Against Speculative Poetry?

Welcome to another Expanded Universe column where I’ll be featuring essays from authors and editors of fiction, poetry, and non-fiction, as well as from established readers and reviewers, talking about anything SFF related that interests us. My guest today is Jennifer Schomburg Kanke, who is a visiting instructor at Florida State University. Her work has appeared or is forthcoming in Prairie Schooner, Pleiades, Star*Line, and Goblin Fruit..

One commenter will win a book from our Stacks.

Jennifer Schomburg Kanke



I'm ambivalent about the term "speculative poetry." Is it just another way of categorizing poetry, like "nature poetry" or "political poetry"— or is it something more? Perhaps the reason I resist it, preferring [m... Read More

Where Music and Fantasy Intersect

Welcome to my first Expanded Universe column where I'll be featuring essays from authors and editors of fiction, poetry, and non-fiction, as well as from established readers and reviewers, talking about anything SFF related that interests us. My guest today is Peter Orullian, author of the VAULT OF HEAVEN series.

One commenter will win a book from our Stacks.

Peter Orullian



I write epic fantasy. I’m also a musician. So, for me, when Kate and I corresponded on possible topics for an article, and she suggested “the intersection of music and fantasy,” I leapt at the chance to wri... Read More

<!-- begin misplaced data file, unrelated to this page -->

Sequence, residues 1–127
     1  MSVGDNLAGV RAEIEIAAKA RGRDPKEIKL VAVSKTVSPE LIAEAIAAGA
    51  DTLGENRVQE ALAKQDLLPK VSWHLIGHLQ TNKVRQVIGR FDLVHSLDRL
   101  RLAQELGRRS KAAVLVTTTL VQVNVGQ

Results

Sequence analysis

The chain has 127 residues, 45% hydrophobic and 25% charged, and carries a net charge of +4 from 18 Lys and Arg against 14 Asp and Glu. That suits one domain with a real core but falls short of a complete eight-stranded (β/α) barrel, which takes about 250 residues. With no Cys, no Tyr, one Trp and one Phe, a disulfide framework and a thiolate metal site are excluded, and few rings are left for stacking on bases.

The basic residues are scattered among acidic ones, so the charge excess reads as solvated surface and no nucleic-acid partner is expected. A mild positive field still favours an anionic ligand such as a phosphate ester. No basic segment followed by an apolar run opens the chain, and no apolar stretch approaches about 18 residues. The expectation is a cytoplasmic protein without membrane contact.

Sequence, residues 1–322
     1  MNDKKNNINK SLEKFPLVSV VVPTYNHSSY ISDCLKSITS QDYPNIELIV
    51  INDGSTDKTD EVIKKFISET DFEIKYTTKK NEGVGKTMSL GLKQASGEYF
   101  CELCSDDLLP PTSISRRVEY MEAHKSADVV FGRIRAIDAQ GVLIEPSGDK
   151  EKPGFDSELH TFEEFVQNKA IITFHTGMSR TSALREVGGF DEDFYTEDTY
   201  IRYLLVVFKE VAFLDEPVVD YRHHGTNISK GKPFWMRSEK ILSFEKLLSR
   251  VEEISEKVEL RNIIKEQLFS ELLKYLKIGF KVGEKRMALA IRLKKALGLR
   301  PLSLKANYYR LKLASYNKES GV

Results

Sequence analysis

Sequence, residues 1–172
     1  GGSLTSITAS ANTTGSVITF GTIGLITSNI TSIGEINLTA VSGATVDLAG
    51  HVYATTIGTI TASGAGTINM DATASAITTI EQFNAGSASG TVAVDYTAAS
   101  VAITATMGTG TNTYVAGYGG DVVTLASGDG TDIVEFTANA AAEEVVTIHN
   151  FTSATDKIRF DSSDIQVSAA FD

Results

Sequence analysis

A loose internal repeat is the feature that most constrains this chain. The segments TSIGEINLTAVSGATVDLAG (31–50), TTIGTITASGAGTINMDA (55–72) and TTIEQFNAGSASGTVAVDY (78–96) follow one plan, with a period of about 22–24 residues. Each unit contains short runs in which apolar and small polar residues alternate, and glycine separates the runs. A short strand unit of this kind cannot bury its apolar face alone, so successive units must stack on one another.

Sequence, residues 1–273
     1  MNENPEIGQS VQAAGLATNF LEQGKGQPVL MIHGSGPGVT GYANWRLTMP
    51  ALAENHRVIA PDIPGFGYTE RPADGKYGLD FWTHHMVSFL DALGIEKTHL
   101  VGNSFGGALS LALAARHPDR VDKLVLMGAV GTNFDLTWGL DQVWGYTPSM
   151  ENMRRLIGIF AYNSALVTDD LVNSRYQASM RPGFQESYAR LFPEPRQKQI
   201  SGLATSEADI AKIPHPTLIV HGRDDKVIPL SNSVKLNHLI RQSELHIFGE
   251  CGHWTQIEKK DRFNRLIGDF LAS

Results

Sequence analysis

Welcome to the Expanded Universe

Greetings, FanLit readers, friends, and potential contributors! We’re launching a new column, Expanded Universe, curated by me, for feature essays that discuss any aspect of speculative fiction.

How do we define the term “speculative fiction”? Well, that’s one thing that this column will end up addressing: given that all fiction exists in the realm of the imagination, what makes some fiction “speculative” and other fiction not? And where do we draw the boundaries within the term for genres like science fiction, fantasy, magical realism, New Weird, slipstream, horror... you get the drift.

The Expanded Universe



Expanded Universe will feature regular essays from authors and editors of fiction, poetry, and non-fiction, as well as from established readers and reviewers, talking about anything SFF related that interests... Read More